I don't own a laptop and while you can program Arduinos from Android using a quite nice app called ArduinoDroid, it's a bit fiddly and only supports some boards. Most notably it doesn't support the Mega, which I wish to use.
Then a friend asked me to dispose of an old Acer Aspire One netbook she had dropped a year or two ago, smashing the screen. She had finally pulled the interesting files from it using an external monitor I loaned her and wanted me to zap the disk.
However I had a PSU that suited in my work drawer and these Acers are basic but solidly functional so I wiped the disk, installed Ubuntu and used it with an external monitor for a couple of days to make sure it was passably stable.
Then it was off to eBay for a cheap replacement LCD panel.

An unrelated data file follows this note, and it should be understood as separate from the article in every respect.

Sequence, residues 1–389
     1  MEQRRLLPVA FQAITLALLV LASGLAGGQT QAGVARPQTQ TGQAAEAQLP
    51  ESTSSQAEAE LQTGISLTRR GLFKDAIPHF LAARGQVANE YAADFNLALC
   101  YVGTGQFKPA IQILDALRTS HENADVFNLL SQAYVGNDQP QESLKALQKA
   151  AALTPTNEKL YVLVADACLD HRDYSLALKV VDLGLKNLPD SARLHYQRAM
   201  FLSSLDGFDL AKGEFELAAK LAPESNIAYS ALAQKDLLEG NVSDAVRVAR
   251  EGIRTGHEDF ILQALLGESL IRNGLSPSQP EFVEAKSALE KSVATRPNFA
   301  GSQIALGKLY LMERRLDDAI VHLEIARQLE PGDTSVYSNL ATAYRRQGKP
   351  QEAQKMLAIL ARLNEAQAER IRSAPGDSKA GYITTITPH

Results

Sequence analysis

Tonight I've fitted this and it was far easier than expected. All I needed was one jeweller's crosshead screwdriver, some care, patience and the foresight to lay it all out on the kitchen table on trays. The only casualty was a tiny bit of plastic clip from the screen bezel. On an old, pre-dropped netbook like this it might have been broken before I opened the case anyway.
Oddly, the Wifi didn't work with the screen broken but came on the first time I fired it up with the new screen. I can only think the screen was shorting out and grounding something that it shouldn't.
So I've now got a tool to work on things out and about for almost free, even if it did suck a little of my time. What I must not do is get tempted into a cycle of upgrades/accessories for this, it would be trivially easy to waste money on a small SSD, more memory, case and so on.
Posted: Monday, October 14, 2013
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The wifi antenna is often built into the screen on laptops Nik.
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